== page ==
There is this lake that I know of. That we know of, actually. Sometimes I visit it alone, sometimes he visits it alone, but over the last few days I’ve accompanied him when he pays a visit. I take a lot of walks, but sometimes I stumble upon the lake when I least expect it. Not today, though. We come to the lake together and I beg him not to go too deep because the last time I did alone, I almost drowned. He barely registers my words as he dives in, still clothed. I don’t have time to strip or hesitate, so I dive into the water, too, and it’s damn cold but so is he, and I feel like today I might lose him forever. I told you I’d love you like I’m going to lose you, but today that’s what it is, that I still love you so ardently but you always want to find out what is at the bottom of the lake, even if it is at the cost of your life.
Honey, you swim so fast that I can barely keep up. My vision was blurry to begin with, but the gap between us widens and soon you are nothing but a blur in what seems to be a far off distance. I know you’re still going down to the bottom, but why? I came with you in the hopes of convincing you that you didn’t need to swim all the way down, that there is nothing down there except death and the bones of those who sought the bottom but received eternal sleep instead. You escape my vision and my swimming speed slows and slows until I feel like the water is overflowing my lungs and the bubbles are filling my sight instead. I grab at my throat begging for the air that will never come. I beg for us. I’m not ready to die. We still had so many days left together.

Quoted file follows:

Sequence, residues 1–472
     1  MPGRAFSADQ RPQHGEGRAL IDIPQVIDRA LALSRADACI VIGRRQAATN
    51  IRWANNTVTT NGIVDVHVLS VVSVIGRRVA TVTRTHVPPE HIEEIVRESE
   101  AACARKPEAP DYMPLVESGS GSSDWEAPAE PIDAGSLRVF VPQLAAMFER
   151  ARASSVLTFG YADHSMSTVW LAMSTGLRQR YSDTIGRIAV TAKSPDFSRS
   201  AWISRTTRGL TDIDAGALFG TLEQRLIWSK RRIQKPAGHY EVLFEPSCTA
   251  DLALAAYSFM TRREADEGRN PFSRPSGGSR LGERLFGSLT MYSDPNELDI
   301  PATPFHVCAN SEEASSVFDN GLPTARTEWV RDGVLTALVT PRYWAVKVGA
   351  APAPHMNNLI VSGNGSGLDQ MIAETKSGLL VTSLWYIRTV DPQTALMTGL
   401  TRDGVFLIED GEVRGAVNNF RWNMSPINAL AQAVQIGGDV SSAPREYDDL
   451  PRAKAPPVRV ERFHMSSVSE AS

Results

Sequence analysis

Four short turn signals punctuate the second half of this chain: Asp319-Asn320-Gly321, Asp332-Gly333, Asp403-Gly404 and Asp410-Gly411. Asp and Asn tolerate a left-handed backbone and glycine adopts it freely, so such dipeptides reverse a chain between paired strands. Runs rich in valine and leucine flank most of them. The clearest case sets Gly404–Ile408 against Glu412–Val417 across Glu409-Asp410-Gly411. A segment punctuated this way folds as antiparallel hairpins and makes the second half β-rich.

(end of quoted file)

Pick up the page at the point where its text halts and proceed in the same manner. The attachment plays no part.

I don’t want my last memory to be of you abandoning me so you could wallow in your pit of sadness. I feel so helpless, knowing I can’t reach out to you and help you, because you refuse my help, because you don’t know how to fix it, but I’m trying, and you won’t let me.
Honey. You’re not the only one suffering in the lake. We’re both running out of oxygen.
Please. Let me help you.